GROUNDS FOR DIVORCE IN SINGAPORE
There are several requirements which you will have to meet before a Court will grant a divorce:
You must have been married for at least 3 years before you can file a Writ for divorce on the ground that your marriage has broken down irretrievably. However, and with permission from the Court, you may proceed to file a Writ for divorce before 3 years of marriage if you can prove that you have suffered exceptional hardship or if your spouse has been exceptionally unreasonable and cruel.
You or your spouse must be domiciled (treated Singapore as your permanent abode) at the commencement of the divorce proceedings. Alternatively, either of you must have resided in Singapore for 3 years immediately before the commencement of divorce proceedings.
What is ‘Irretrievable Breakdown?
The Court will only grant a divorce if you can prove that the marriage has “broken down irretrievably.” To prove this, you must show one or more of the following facts to prove that you have grounds for divorce in Singapore:
The Defendant (the person being sued) has committed adultery with another person (the Co-Defendant) and the Plaintiff finds it intolerable to live with the Defendant.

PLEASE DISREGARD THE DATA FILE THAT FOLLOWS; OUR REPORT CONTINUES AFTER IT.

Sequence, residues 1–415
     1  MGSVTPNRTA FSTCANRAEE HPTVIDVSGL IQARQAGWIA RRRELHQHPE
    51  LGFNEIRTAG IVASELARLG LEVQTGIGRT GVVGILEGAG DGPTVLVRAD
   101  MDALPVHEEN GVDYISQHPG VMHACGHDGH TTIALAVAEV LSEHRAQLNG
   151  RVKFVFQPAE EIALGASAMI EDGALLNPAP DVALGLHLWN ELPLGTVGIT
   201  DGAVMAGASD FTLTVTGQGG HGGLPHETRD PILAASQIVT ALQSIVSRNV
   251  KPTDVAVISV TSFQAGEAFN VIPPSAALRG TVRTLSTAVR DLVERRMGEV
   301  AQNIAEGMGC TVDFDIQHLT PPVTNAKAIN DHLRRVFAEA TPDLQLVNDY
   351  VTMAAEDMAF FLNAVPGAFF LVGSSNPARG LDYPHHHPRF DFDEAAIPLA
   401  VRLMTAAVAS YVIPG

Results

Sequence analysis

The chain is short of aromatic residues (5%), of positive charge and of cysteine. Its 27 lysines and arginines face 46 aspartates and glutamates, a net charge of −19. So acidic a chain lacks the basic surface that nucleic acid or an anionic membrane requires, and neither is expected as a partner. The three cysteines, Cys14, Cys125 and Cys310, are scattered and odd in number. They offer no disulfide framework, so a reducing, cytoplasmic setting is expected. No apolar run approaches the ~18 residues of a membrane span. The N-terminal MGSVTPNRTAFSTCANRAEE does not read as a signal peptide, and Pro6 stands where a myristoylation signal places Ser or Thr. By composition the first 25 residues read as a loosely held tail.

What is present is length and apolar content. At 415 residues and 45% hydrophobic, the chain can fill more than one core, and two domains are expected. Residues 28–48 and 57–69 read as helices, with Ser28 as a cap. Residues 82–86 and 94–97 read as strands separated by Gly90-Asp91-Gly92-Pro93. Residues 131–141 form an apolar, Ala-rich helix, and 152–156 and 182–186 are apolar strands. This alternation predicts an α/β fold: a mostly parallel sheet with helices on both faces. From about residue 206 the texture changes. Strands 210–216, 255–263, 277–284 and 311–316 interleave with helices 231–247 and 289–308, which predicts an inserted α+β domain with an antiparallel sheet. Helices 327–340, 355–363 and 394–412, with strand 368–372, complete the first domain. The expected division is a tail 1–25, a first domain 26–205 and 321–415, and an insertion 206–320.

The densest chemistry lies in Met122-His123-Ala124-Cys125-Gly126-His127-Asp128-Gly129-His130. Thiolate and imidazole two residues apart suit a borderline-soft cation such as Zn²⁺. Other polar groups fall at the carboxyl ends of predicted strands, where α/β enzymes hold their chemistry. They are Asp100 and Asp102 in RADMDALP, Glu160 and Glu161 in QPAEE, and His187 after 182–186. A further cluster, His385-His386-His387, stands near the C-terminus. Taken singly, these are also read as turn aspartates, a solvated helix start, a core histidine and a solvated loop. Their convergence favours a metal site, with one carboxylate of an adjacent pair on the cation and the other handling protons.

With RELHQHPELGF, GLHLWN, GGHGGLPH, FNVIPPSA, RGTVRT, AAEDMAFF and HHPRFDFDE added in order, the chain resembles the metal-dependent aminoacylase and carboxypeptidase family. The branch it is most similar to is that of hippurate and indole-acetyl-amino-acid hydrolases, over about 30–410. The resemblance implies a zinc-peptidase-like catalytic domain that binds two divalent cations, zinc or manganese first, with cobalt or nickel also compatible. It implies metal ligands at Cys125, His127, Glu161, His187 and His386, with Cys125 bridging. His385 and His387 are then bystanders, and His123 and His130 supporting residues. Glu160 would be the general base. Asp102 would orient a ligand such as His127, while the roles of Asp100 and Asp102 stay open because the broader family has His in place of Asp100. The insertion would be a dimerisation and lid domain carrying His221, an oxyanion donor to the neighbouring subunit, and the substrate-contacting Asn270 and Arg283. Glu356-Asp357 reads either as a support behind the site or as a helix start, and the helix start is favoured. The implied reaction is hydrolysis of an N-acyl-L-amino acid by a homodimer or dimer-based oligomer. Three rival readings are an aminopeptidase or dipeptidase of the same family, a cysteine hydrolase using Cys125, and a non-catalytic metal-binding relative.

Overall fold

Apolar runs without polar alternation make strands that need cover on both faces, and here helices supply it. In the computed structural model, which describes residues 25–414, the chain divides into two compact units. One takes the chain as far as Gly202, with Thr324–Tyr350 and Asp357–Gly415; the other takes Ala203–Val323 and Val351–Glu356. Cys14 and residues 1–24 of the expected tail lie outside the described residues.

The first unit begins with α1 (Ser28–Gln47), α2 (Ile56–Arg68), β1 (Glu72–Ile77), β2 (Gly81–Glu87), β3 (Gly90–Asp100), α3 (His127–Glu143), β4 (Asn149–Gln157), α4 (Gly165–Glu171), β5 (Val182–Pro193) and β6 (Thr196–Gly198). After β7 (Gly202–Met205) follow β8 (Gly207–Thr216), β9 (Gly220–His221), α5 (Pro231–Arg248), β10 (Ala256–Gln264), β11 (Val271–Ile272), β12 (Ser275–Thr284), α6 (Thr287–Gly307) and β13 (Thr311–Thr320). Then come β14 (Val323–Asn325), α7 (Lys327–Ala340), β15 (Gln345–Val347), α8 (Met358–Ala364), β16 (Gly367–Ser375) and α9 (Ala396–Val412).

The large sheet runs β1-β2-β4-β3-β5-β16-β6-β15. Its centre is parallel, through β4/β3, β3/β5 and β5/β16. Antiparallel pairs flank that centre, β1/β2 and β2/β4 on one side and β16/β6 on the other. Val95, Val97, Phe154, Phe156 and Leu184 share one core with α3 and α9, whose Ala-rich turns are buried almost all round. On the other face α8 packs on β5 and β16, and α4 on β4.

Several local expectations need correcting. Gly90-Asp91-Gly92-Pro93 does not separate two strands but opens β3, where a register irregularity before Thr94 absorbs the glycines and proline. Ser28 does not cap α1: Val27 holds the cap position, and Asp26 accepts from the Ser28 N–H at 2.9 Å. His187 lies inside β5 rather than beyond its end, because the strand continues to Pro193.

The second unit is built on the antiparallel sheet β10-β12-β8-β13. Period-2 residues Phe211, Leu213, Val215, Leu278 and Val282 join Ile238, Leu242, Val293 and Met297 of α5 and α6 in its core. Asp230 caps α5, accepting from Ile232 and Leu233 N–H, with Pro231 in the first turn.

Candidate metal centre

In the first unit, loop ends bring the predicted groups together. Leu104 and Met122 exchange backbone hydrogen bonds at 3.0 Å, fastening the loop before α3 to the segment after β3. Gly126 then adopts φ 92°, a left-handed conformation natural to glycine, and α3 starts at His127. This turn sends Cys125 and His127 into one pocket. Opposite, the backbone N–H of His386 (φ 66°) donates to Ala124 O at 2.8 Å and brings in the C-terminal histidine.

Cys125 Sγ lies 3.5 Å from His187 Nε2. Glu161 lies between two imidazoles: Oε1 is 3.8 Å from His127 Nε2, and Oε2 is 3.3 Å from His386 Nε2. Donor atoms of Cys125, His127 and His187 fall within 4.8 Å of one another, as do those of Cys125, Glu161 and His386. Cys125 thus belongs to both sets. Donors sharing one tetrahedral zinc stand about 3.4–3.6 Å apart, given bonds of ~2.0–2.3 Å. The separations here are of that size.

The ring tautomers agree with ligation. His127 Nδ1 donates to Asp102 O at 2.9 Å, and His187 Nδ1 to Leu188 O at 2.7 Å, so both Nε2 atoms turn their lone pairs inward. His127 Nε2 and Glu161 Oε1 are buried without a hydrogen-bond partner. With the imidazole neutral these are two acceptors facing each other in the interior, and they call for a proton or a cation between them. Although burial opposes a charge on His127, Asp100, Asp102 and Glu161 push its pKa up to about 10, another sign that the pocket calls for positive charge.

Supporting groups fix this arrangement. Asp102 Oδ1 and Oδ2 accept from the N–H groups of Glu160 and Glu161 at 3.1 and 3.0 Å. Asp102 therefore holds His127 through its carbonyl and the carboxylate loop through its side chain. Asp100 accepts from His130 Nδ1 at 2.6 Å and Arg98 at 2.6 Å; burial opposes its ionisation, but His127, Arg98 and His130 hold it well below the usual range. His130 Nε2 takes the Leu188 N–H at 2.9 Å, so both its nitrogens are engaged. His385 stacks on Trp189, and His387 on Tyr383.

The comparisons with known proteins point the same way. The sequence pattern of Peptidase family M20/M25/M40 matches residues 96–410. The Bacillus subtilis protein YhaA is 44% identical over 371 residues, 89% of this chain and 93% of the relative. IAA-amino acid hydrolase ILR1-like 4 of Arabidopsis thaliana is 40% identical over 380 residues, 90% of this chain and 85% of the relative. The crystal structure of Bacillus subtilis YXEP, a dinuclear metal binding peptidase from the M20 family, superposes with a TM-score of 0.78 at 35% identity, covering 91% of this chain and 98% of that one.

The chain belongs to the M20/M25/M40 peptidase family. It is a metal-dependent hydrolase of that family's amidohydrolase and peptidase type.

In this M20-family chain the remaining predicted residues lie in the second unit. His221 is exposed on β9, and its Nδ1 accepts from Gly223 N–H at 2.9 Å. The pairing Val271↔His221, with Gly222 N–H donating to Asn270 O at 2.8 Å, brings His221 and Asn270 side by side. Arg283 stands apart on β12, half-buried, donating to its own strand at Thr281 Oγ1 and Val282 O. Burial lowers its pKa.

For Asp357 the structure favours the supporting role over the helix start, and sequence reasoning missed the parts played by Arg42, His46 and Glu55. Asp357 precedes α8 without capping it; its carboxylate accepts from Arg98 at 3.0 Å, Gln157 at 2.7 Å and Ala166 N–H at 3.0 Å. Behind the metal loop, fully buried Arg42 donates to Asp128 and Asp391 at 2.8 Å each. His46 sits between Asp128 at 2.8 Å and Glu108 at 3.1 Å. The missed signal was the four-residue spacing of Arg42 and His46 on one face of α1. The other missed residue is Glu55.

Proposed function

The Defendant has behaved in such a way that the Plaintiff cannot reasonably be expected to live with him/her.
The Defendant has deserted or left the Plaintiff for a continuous period of 2 years without any intention of returning.
Separation for 3 years
The Plaintiff and Defendant have lived apart for a continuous period of at least 3 years and the Defendant agrees to a divorce.
Separation for 4 years
The Plaintiff and the Defendant have lived apart for a continuous period of at least 4 years. No consent is required from the Defendant.
In a divorce proceeding, the parties may apply for:
- custody, care and control of children and access (such as visitation rights); and
- division of matrimonial assets, including the matrimonial home.
In deciding on the division of matrimonial assets, the Court will take into consideration various factors including:
- the extent of contributions made by each party in money, property or work towards the acquiring of the assets and non-financial contributions made by parties;
- any debts owing by either party which were contracted for this joint benefit; and
- the needs of the minor children (if any) of the marriage.
You should organise all the documents you have in support of your claim as these will have to be shown to the Court. Documents include evidence of mortgage payments, pay slips, CPF statements, Income Tax assessments and documents relating to the matrimonial home amongst others.